Wrote 456 words, a new scene for a short story yesterday.
Don’t ask me where the words came from; but this quote from Octavia Butler is TRUE. I think this is leftover butt-in-chair discipline from the year I spent writing practically every day to complete my novel:
Happy New Year, all!
Talent is insignificant. I know a lot of talented ruins. Beyond talent lie all the usual words: discipline, love, luck, but most of all, endurance. -James Baldwin
Go take a nap, wake up with another microfiction idea…
Here’s a taste:-
“Open the door, you son of a bitch!”
Bang. Bang. Bang. The wood on the bathroom door began to splinter.
Wanna read the whole thing? Sign up at my Patreon for the appropriate award!
“The most important thing if you want to be a writer is to find something to get you going. What usually works for me is a deadline. Sign up for a writers’ class, join a writers’ group, volunteer for a local paper — do whatever you have to do so that someone somewhere is expecting you to hand them something. Make it as good as you can make it, and then show it to someone and listen to what they have to say and then go at it again.
If that sounds like fun to you, then maybe you are a writer. If it sounds like lunacy, if it sounds like torture — you’re probably right too.”
(from my novel-in-progress.)
…and sometimes things just, you know… fall into your lap.
It was at my first Flaming Lips concert. And based on what I was experiencing, it wasn’t going to be my last concert.
I was standing near the area in front of the giant television display in Dundas Square; it was an area full of parked and locked bikes, sitting, standing, lounging people, balloons being passed back and forth and loads of camaraderie. I was enjoying the sight of the lead singer crowdsurfing inside a huge ball and was moving closer through the push of bodies to get a better view, and to record what I was seeing, when it happened. I lost my magical protection. I felt it more than saw it happen.
A mild vertigo slid through me.
It was like being in an accident, where everything was speeding up and slowing down at the same time. Things were going so slow that as I looked behind me I just managed to see a figure furtively disappearing into the throng of bodies oblivious to my plight.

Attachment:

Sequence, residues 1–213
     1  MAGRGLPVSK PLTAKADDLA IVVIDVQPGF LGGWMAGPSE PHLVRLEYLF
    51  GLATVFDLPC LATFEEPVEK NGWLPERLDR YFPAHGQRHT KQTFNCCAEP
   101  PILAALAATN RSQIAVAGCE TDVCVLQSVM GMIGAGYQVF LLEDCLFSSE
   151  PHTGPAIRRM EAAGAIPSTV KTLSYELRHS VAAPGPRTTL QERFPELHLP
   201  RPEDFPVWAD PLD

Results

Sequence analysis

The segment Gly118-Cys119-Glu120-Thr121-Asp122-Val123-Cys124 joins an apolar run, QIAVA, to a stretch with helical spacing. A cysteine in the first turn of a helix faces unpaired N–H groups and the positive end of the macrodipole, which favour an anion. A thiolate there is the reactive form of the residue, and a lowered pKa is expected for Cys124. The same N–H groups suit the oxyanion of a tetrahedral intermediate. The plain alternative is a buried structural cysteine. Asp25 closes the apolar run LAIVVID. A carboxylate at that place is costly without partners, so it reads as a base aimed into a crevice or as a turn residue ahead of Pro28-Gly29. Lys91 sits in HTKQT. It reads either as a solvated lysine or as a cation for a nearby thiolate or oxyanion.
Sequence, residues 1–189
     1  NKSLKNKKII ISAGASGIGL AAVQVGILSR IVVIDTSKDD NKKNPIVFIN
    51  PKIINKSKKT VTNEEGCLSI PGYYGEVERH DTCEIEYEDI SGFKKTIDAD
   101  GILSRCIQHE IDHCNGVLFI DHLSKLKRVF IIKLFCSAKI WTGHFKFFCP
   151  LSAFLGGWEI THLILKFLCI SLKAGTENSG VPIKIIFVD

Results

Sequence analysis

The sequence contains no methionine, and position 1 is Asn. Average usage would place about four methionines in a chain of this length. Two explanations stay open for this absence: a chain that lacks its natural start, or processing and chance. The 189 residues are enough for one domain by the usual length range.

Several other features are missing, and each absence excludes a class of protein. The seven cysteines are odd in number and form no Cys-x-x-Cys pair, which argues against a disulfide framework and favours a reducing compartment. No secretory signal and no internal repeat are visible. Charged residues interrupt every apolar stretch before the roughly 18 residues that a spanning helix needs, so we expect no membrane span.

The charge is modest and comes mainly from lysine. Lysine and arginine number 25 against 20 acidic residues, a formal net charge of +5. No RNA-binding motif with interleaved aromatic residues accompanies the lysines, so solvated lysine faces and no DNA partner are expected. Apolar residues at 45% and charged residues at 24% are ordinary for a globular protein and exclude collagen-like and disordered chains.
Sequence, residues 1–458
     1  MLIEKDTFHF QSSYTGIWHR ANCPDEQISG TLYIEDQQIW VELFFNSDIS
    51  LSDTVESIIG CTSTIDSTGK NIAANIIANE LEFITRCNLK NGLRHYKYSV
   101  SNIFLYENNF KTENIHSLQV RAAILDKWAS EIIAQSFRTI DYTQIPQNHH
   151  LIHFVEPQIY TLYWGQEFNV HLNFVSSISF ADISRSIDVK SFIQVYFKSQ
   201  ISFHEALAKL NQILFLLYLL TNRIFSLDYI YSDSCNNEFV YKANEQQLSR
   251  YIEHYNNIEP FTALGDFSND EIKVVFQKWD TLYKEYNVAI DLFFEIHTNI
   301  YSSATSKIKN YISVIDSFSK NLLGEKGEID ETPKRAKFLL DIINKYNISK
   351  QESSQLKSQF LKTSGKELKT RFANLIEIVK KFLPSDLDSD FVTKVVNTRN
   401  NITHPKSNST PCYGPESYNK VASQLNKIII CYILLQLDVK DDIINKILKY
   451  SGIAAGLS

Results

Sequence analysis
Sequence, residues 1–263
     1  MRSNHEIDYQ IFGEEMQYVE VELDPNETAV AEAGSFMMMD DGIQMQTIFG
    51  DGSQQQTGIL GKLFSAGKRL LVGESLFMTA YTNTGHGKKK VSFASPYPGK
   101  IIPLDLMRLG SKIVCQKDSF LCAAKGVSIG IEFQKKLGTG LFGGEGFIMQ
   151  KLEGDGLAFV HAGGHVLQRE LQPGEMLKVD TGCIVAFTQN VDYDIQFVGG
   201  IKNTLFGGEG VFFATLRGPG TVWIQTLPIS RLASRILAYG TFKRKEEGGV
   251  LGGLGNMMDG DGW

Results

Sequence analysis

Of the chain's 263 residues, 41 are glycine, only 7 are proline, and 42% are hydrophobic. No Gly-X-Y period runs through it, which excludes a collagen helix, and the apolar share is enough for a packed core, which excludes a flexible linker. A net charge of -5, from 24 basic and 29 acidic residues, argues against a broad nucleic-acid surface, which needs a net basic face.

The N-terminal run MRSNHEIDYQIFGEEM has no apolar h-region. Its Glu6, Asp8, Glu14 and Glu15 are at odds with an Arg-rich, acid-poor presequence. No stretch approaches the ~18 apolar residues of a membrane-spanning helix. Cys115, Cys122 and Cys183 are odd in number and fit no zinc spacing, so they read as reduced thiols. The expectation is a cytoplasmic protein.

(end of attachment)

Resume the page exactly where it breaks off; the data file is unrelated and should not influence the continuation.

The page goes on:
Once he cleared the crowd, this person seemed to think that the deed was done, that there was no pursuit, but habits of carefulness seemed to dictate his mostly unhurried actions.
I watched him duck into doorways or alleyways whenever he saw a vehicle approaching, or another pedestrian.
Then in an alley, I saw him look around before approaching one doorway. He passed a hand over a part of the shadows, then seemed to step into them.
So that’s how he eluded people.
He was getting away with my jumbie beads.
No! That could not happen… I dashed forward, grabbed him by the collar, and yanked him back into the night.
I grabbed him by the neck. His feet were off the ground.
I slammed him face first into a wall. I think his nose was worse for wear because of that. I breathed down the back of his head.
“Hello there.” I let my voice express its full monstrosity.
His heart raced, from what I could detect. I smelled fear.
“I do believe you have something of mine.”
I could hear him begin to hyperventilate.
“No answer, hm? I suggest you give it back.”
He began to stammer.
“Speak up. Words, boy, words.” I shook him by my grip around his neck.
“I-i-it’s in my back pocket.”
“Ah.” I fished it out. “Thank you.” I let him unceremoniously drop to his feet as I put the jumbie beads back on.
A shiver spread throughout my body as the magic began to take hold. My head lolled back.
Then I eyed him.
From Novel #2 in progress, tentatively titled, “Heathens, Blood and Stone”
Mirror’s head tilted, and she leaned to the side.
The person was slouched down on the train seat, but the black sweatshirt was so non-forming that the resulting bagginess left the distinct impression of a curve deeply slouched onto the seat. The knees were no different; the bagginess of the jeans, this shade of navy, left no distinct impression of a knee, it was just part of the curve occurring at that region as well. In fact, there were no distinct impressions of body parts at all; not even a distinct shoulder, even though the person’s hooded head leaned on the pane bordering the train’s doorway. No hands, even, buried into the bagginess of the too-short pants- did they even come up to the guy’s waist?
“What are you doing?” Nancy asked.
“Trying to see if this guy’s made of bone.”
A snicker skipped out of Nancy. “He is kinda like a spaghetti trying to sit on a chair, isn’t he?”
“Can you see his face?” Mirror asked.
The front of a cap protruded from the sweatshirt’s hood, but that was all that could be seen.